0 1525
marijuana field

Is Marijuana making the California drought worse?

California continues its struggle against crippling drought-everyone is looking for someone or something to blame. The latest “villain” to come under attack is an easy target for headline-hungry media – cannabis farming, legal or otherwise, is ” sucking rivers dry”, according to Mike McGuire, Chairman of the California State Senate Joint Committee of Fisheries and Aquaculture.…

0 1703
grain elevators

From wheat to rice to beans, US agriculture has big appetite for expanded trade with Cuba

U.S. agriculture has a big appetite for freer trade with Cuba. From wheat to rice to beans, the industry stands to be one of the biggest beneficiaries of President Barack Obama’s plan to ease economic and travel restrictions imposed against the communist-ruled island.

Agricultural exports have been among the few exceptions to the half-century old U.S. trade embargo, though they’ve been subject to cumbersome rules — requiring cash payments up front before products are shipped, and that the payments go through banks in other countries that charge hefty fees for their services.

As a result, Latin American and Asian countries with fewer restrictions and easier financing have gained market share in recent years.

The removal of such trade barriers will make U.S. agricultural products “far more price competitive” in Cuba, U.S. Agriculture Secretary Tom Vilsack said Wednesday as the Obama administration announced plans to restore diplomatic relations and to try to persuade Congress to lift the embargo.

Major U.S. farm groups including the American Farm Bureau Federation and National Farmers Union, as well as leading agribusinesses such as Cargill Inc., have long advocated normalized trade relations with Cuba, a market of 11 million consumers just 90 miles off U.S. shores.

Sales of U.S. agricultural products to Cuba peaked at over $710 million in 2008, before the recession, but fell to $350 million by 2013, according to the U.S.-Cuba Trade and Economic Council. Frozen chicken, soybeans and soy products, and corn are the main products Cuba now buys from the United States.

It’s hard to quantify just how much of a boost the planned changes will give to U.S.-Cuban agricultural trade, said C. Parr Rosson III, head of the agricultural economics department at Texas A&M University. But he predicted it could grow to $400 million to $450 million within a couple of years.

“That’s just a back-of-the-envelope estimate on my part … but the market can make those swings very readily,” he said.

Cuba remains a poor, relatively small country, Rosson said. Its economy shifts depending on remittances sent home by Cubans living abroad, tourism, and nickel exports, he said. But liberalized rules for remittances and tourism should provide an early boost in demand, he said, and easier banking rules will eventually make a difference too. The boost would be even bigger if Congress ever dismantles the embargo, he said.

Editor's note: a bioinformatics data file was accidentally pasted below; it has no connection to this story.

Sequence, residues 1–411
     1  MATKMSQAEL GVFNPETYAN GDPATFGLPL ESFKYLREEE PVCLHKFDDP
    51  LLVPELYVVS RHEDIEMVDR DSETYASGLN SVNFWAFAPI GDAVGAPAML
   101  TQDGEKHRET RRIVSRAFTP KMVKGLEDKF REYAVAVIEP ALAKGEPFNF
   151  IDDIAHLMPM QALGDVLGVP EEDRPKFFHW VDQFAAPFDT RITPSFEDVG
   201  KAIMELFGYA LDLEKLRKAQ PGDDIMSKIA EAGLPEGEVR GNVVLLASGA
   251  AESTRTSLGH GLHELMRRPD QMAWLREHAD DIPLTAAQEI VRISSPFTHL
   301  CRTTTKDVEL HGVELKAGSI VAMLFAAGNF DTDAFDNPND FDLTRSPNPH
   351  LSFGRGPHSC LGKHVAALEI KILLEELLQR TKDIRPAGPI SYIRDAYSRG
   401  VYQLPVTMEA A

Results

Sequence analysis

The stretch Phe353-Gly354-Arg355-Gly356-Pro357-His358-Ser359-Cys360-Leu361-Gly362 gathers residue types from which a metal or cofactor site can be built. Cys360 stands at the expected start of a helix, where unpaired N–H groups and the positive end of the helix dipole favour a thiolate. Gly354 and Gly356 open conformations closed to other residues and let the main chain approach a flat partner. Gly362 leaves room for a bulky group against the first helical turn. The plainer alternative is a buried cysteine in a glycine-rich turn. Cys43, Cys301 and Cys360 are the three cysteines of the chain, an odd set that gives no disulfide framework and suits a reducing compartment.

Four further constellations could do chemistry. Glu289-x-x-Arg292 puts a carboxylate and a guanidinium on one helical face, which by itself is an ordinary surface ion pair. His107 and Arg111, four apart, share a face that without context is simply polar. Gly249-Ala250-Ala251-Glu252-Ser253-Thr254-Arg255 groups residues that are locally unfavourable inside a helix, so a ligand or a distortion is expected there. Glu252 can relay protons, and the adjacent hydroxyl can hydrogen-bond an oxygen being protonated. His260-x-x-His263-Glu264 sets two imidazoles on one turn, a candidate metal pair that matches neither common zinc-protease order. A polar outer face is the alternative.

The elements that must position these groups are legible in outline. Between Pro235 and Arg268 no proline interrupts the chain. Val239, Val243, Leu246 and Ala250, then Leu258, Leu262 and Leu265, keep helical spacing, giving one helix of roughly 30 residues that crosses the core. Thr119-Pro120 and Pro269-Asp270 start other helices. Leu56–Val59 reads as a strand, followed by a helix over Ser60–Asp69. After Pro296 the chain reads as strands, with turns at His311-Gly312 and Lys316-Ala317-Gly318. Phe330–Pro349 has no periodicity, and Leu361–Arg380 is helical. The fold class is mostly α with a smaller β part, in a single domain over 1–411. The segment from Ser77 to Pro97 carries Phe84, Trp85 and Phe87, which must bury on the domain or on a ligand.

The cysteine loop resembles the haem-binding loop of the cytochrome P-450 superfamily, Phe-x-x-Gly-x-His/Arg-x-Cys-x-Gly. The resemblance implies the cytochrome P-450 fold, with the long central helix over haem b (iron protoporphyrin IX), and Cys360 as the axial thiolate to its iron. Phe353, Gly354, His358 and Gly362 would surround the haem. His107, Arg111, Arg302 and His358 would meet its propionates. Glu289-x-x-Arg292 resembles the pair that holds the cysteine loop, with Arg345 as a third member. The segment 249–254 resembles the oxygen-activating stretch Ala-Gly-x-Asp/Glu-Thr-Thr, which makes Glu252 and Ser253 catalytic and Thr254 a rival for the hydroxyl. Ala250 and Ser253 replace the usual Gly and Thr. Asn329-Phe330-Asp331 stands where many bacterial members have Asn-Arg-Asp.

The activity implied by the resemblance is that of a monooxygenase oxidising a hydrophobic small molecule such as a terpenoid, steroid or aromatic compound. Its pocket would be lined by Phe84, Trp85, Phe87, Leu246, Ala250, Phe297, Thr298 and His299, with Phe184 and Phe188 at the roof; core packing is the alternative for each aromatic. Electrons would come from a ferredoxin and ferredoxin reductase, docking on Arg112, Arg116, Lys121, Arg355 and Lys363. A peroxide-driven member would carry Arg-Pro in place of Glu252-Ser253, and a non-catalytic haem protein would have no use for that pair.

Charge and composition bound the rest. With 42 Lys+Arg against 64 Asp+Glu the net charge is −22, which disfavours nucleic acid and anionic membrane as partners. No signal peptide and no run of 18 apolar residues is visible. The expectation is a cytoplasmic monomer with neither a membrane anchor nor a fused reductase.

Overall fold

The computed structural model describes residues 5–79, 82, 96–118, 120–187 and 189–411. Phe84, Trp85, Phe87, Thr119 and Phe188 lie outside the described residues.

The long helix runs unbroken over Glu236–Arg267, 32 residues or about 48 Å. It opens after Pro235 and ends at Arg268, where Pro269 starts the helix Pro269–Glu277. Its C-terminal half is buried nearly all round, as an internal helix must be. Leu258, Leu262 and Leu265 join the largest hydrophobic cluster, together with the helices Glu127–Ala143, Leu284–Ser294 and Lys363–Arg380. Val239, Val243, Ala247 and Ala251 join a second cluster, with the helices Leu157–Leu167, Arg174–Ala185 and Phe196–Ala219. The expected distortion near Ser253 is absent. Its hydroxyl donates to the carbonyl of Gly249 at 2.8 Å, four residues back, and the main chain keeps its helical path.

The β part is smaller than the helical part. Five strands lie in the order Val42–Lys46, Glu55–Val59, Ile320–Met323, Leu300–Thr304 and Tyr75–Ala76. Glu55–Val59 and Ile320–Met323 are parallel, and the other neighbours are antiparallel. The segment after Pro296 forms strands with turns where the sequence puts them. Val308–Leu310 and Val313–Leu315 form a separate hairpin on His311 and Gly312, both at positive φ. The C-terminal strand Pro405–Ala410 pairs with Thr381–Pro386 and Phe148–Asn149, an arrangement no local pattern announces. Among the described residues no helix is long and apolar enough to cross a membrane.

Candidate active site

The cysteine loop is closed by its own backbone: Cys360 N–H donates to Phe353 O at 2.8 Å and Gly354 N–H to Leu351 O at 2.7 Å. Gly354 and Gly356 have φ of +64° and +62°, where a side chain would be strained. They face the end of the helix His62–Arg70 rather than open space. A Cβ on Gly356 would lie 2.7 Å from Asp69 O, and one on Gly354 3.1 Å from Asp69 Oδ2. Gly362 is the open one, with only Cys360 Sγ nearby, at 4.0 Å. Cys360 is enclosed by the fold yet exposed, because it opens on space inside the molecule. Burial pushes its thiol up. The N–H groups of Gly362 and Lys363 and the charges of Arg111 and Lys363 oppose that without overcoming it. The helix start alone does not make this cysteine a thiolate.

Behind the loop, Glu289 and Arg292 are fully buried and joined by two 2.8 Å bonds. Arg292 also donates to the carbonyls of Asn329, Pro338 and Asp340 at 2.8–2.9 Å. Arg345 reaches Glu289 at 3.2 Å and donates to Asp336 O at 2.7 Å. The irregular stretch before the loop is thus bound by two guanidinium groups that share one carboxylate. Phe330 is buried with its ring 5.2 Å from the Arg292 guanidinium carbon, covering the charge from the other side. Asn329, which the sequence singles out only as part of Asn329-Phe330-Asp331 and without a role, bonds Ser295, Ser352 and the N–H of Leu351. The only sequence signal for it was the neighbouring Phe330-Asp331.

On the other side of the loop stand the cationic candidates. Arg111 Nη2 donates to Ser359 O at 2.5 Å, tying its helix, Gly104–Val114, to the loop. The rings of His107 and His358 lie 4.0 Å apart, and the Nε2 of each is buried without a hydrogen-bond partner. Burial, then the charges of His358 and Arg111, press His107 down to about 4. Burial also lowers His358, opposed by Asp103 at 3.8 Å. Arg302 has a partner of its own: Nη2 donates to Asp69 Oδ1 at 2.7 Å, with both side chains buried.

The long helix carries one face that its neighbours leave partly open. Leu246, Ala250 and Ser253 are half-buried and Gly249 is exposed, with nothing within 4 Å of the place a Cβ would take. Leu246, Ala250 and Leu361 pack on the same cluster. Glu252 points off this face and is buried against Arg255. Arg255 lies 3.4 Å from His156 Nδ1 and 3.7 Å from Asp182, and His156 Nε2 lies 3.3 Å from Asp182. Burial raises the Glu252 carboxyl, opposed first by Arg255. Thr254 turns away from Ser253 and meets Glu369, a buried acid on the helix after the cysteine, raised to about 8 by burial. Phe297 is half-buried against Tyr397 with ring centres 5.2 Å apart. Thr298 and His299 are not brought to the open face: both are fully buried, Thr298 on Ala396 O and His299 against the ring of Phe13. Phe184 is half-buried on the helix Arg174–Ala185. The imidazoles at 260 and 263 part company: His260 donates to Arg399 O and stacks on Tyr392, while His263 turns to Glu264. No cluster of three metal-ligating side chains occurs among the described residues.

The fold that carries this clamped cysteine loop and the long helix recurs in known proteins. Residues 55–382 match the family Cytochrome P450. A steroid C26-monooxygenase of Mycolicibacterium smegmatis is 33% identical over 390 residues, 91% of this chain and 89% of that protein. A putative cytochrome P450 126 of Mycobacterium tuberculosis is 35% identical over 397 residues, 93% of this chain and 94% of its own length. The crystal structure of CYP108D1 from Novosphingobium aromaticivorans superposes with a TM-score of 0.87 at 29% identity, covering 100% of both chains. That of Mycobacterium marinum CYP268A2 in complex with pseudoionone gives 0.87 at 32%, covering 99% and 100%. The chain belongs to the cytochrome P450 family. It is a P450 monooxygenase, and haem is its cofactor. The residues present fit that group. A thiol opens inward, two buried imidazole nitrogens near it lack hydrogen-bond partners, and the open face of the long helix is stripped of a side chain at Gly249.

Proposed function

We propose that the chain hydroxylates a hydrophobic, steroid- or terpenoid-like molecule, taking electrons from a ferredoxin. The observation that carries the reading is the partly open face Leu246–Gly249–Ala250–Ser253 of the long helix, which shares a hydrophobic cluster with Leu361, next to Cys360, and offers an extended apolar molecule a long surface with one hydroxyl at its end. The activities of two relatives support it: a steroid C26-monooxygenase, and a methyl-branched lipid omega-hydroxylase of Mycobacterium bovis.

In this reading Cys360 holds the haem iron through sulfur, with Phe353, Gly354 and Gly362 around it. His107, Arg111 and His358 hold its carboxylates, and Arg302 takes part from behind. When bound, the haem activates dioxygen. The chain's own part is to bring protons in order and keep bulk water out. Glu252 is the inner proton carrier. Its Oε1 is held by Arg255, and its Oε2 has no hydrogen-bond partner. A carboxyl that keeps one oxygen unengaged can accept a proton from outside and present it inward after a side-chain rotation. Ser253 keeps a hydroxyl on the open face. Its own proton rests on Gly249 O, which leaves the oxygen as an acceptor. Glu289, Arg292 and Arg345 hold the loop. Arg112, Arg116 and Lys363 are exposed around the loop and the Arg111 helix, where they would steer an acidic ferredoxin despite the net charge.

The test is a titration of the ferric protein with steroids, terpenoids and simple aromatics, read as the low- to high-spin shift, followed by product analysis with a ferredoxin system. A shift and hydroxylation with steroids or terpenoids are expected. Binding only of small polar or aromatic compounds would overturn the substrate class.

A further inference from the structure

“We’re talking a monumental move to lift the embargo right now,” he said. “But things can change.”

Wheat growers in the Midwest expect new export opportunities since Cuba now buys nearly all its wheat from Canada and Europe. Cuba hasn’t bought U.S. wheat since 2011, but could import at least 500,000 metric tons of it annually, according to the National Association of Wheat Growers.

“If Cuba resumes purchases of U.S. wheat, we believe our market share there could grow from its current level of zero to around 80-90 per cent, as it is in other Caribbean nations,” Alan Tracy, president of U.S. Wheat Associates, said in a statement.

Dry beans, dry peas, lentils and potatoes are also big parts of the Cuban diet. That creates more opportunities for farmers in colder states like North Dakota, though they’ll still have to compete with cheaper Chinese beans, said Bill Thoreson, president of the U.S. Dry Bean Council.

“If we have normalized trade relations with them and are able to do away with some of the banking regulations, I believe there’s some real potential to do business with Cuba,” Thoreson said.

Rice producers in southern states and California are hoping to resume exports to Cuba for the first time since 2008, according to the USA Rice Federation.

“It’s an enormous rice market,” said Dwight Roberts, CEO of the U.S. Rice Producers Association. Roberts said believes imports of U.S. rice could someday reach the levels Cubans bought before the revolution.


0 1750
fresh blueberries in a bucket

Business booming for berry growers

KENAI, Alaska (AP) – Alaska Berries, which started out as a hobby for Brian Olson and his wife Laurie Olson, has expanded into a full-fledged business. Located on West Poppy Lane between Soldotna and Kenai, Alaska Berries sells a variety of jams, syrups and wine, all of which are produced from fruit grown on the Olsons’…

0 1525
christmas tree farm

Shoppers at Whole Foods know which cucumbers are organic and which are locally grown. They can choose grass-fed beef and eggs with a variety of stamps that certify the chickens were treated well.

The choice of which tree to put up in the living room, though, usually stopped with the breed and size — a six-foot Douglas fir or a nine-foot noble?